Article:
Indexed on: 13 Sep '03Published on: 13 Sep '03Published in: Kidney International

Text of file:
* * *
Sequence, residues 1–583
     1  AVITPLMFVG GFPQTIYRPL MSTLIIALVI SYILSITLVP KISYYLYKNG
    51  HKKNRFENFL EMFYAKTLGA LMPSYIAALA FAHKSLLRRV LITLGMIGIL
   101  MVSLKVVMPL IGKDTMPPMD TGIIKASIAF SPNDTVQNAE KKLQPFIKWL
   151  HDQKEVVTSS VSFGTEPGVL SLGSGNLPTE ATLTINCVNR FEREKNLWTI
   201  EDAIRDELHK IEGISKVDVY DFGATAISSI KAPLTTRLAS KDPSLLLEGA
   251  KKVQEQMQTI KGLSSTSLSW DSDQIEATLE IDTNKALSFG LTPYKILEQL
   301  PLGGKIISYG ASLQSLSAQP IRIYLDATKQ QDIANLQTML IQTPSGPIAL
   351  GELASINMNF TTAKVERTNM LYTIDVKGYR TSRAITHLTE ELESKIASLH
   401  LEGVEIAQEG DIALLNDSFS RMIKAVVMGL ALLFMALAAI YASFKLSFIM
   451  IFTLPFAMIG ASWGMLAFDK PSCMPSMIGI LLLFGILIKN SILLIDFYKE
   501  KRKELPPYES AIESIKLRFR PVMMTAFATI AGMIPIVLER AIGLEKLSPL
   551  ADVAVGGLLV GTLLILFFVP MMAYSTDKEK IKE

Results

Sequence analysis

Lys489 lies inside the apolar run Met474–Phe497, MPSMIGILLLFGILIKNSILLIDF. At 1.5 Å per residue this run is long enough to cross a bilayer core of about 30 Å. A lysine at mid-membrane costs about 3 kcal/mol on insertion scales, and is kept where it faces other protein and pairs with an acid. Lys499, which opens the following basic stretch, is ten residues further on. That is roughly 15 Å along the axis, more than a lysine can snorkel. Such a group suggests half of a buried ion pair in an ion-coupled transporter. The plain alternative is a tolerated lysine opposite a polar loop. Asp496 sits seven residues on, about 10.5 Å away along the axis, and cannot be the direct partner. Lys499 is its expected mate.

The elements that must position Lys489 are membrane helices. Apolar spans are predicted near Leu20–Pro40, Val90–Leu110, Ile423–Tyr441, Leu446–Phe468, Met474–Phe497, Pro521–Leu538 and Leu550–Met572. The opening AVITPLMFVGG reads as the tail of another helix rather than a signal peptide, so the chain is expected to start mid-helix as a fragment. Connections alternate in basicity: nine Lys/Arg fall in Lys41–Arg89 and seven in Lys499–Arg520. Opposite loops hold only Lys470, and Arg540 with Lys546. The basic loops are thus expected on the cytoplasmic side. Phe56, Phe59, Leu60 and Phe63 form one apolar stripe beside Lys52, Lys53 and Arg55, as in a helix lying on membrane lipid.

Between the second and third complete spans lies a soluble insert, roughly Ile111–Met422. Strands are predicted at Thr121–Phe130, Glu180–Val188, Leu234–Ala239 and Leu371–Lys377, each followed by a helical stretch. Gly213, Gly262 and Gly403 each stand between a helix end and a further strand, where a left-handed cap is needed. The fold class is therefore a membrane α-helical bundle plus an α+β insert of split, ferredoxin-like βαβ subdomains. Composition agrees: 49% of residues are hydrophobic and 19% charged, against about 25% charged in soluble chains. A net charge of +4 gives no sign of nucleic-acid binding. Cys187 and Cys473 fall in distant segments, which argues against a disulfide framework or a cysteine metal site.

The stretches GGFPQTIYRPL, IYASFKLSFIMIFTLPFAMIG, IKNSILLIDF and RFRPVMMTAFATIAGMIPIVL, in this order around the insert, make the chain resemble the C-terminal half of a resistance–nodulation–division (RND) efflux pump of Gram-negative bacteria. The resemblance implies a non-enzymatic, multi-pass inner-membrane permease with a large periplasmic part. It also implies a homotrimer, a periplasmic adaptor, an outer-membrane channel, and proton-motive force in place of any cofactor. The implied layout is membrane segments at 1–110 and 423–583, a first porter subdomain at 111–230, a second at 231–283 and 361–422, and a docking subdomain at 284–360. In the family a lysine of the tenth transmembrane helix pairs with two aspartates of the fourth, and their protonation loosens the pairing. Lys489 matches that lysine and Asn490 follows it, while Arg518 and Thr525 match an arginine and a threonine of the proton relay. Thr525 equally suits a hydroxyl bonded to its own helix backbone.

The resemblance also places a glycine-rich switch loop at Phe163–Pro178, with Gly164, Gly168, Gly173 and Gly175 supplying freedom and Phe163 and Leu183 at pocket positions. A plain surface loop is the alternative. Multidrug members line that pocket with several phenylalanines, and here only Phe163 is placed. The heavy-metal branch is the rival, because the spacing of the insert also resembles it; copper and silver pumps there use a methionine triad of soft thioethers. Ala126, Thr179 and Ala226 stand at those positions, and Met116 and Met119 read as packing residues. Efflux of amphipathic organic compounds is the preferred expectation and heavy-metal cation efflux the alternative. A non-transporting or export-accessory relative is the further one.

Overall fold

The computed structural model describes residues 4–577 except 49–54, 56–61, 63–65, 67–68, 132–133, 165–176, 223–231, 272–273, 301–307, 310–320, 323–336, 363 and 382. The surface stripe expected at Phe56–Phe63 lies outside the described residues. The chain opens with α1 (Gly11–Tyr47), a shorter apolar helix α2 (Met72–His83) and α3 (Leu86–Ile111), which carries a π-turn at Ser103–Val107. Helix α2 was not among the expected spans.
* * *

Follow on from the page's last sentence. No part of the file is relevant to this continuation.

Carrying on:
p-cresol, which is extensively metabolized into p-cresylglucuronide in the rat, is related to several biochemical and physiologic alterations in uremia and is not removed adequately by current hemodialysis strategies. The knowledge of its in vivo kinetic behavior could be helpful to improve the current removal strategies.We investigated the kinetic behavior of intravenously injected p-cresol (10 mg/kg) in rats with normal and decreased renal function, and compared the results with those obtained for creatinine (60 mg/kg) under similar conditions. Renal failure was obtained by 5/6 nephrectomy. Both p-cresol and p-cresylglucuronide were analyzed using reversed-phase high-performance liquid chromatography (RP-HPLC). The relation between the p-cresylglucuronide peak height and the underlying amount of p-cresol was determined after hydrolysis of the glucuronide with beta-glucuronidase. We calculated urinary excretion of p-cresol with and without taking p-cresylglucuronide into account. In addition, total, renal, and non-renal clearance, half-life, and volume of distribution were calculated for p-cresol.Over a 4-hour period, p-cresol serum concentration showed only a minimal decline in rats with decreased renal function (t1/2 = 11.7 +/- 0.4 hours), compared to rats with normal renal function (t1/2 = 1.4 +/- 0.7 hours). A similar observation was made for p-cresylglucuronide. In rats with normal renal function, 21.0 +/- 10.0% of the injected p-cresol was excreted in urine as p-cresol and 60.7 +/- 25.0% as p-cresylglucuronide; in rats with renal failure, the respective amounts were 6.7 +/- 7.5% and 32.0 +/- 25.3% (P < 0.05 vs. normal renal function) (total recovery 81.81 +/- 31.07% vs. 38.50 +/- 32.09%, P < 0.05). The volume of distribution of p-cresol was approximately 4 times larger than that of creatinine, but was not significantly affected by renal failure. Not only renal, but also non-renal and total clearance, were much lower in rats with decreased renal function.The present data sheds a light on the kinetic behavior of p-cresol in uremic patients; the large volume of distribution, especially, might explain the inadequate dialytic removal of p-cresol. In addition, a substantial amount of p-cresol is removed by metabolism, and both renal and non-renal clearance are disturbed in uremia.